We took the kids for dim sum last weekend. Lizzie said the restaurant reminded her of Mulan’s house. Katie practiced reading Chinese. Henry drummed on the table with chopsticks, and cried when there were no hot dogs.
My husband and I like to believe that we have become better parents over time. We are more patient and better listeners. We no longer get swept up in arguments about combing hair or whether wearing a princess dress to church is a sin. And neither of us has locked anyone in any room in a really long time. And yet, our son Henry subsists almost entirely on a diet of processed meat, mac and cheese, French Toast, and cucumbers.
Our oldest daughter has the palate of a 42-year-old. She eats bleu cheese, oysters, mussels, wasabi, Sriracha, and okra. She pickles her own root vegetables and blends her own curry paste. Her latest obsession is homemade lemon curd, which she likes to pair with a braided rosemary loaf. When we dine out, she frequently orders the bouillabaisse.
Our middle kiddo, while slightly less eclectic in her gastronomic enthusiasms, still enjoys a wide variety of foods. Some of her favorites include king crab, salmon sashimi, kale chips, chicken korma, raw spinach, and any variety of homemade pie. During dessert last week at the Pie Hole, she horked down a slice of pumpkin in under two minutes flat. She also polished off Katie’s apple, my chocolate, and Ken’s earl grey pie, and made a bit of a stink when I said we could not order any more.
Henry did not eat pie that day. He wanted a hot dog.
In his book, The Man Who Ate Everything, food critic Jeffrey Steingarten studied his own food aversions and concluded that most food “phobias” are simply learned behaviors. You catch a flu bug after eating noodles, and thereafter, lo mein is banished from your menu. The texture of tofu is initially off-putting, so you add it to your iffy list. However, Steingarten found that he was able to cleanse his taste buds. He conquered nearly all of his food fears, from kimchi to clams, simply through repeated exposure. The more often he made himself sample dreaded dishes, the more likely he was to tolerate, even enjoy them. He claimed the same was true for young people. “Most babies,” he wrote, “will accept nearly anything after eight or ten tries.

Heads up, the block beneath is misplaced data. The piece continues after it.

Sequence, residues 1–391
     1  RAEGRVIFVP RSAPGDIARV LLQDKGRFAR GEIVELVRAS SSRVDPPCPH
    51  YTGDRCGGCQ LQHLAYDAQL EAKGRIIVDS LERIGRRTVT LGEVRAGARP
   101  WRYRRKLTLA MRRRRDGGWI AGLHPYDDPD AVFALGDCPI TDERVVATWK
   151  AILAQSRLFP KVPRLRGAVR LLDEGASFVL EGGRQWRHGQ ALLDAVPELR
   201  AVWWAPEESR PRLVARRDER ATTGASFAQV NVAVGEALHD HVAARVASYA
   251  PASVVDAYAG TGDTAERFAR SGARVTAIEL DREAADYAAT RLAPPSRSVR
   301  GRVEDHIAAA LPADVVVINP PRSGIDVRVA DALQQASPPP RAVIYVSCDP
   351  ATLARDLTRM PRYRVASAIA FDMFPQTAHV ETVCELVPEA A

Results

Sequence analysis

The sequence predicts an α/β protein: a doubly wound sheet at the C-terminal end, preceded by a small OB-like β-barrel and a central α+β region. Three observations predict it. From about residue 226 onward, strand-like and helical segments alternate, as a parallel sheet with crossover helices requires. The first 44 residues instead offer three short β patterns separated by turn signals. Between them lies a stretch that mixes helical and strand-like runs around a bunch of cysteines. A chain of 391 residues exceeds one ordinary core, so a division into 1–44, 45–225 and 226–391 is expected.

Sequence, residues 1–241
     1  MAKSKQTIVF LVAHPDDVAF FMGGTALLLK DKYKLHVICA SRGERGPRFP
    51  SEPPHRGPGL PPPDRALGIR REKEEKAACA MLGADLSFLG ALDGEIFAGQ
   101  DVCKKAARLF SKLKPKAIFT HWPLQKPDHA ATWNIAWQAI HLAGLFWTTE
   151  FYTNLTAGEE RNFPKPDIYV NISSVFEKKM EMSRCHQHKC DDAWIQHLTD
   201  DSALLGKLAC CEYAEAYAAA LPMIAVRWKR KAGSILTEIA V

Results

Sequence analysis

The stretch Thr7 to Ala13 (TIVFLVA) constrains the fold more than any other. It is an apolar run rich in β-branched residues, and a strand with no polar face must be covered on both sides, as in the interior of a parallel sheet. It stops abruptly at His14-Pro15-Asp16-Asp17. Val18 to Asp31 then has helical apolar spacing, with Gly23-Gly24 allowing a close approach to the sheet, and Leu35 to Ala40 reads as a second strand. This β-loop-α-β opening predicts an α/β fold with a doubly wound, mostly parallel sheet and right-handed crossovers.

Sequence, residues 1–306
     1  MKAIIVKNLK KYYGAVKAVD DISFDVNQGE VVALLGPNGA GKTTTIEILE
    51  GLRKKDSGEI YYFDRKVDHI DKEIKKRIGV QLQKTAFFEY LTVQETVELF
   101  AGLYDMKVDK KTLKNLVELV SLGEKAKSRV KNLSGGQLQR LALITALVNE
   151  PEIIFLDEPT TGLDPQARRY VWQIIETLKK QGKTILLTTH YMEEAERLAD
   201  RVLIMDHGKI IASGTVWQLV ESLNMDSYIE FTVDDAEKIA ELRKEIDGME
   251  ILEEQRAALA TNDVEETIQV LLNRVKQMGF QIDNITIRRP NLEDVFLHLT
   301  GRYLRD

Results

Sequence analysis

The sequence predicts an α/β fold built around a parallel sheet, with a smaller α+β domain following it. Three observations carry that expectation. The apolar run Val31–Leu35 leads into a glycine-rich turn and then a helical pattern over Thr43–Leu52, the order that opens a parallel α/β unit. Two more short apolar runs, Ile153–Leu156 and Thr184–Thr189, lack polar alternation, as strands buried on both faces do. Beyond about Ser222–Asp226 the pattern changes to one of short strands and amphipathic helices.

Which means that we only have to pile pork buns and radish cakes in front of Henry nine more times before we might actually get him to stomach them. Of course, multiply that across the three hundred other foods that he routinely eschews, and it looks like we will be resetting his taste buds — not to mention making embarrassing scenes in restaurants — for the rest of his childhood.
It is not just that I would like to see my son eat his vegetables. I want him to grow up and experience the world more fully. I want him to savor sushi in Tokyo. I want his first trip to Paris to include both pain au chocolat and escargot. And I fear that closed-mindedness towards food might cause him to overlook life’s other pleasures – wine, the opera, off beat travel, or even visionary ideas. Might not a love affair with hot dogs predestine an existence devoid of intellectual subtlety and nuance?
The only thing that gives me hope is that I was also a crummy eater. Peanut butter sandwiches nourished my childhood. I would never have consumed pie. Or cheese. Or mushrooms. Or cured meats. Or any of dozens of other foods that, as an adult, I now enjoy. Even as a teenager, I remember being afraid of typical teen fare: Cherry Coke, sweet and sour chicken, nachos. But after repeated exposure, even I evolved to enjoy those (admittedly terrible) foods.
So for now, we will keep plopping it all in front of him – the eggplant, the soybeans, the soup — in hopes that the scent, the memory, even just the essence of these flavors will be stored somewhere in his sausage-loving brain. And one day, maybe Henry will stop drumming his chopsticks long enough to be mildly intrigued by a dumpling or a rice ball, and take a big bite out of life.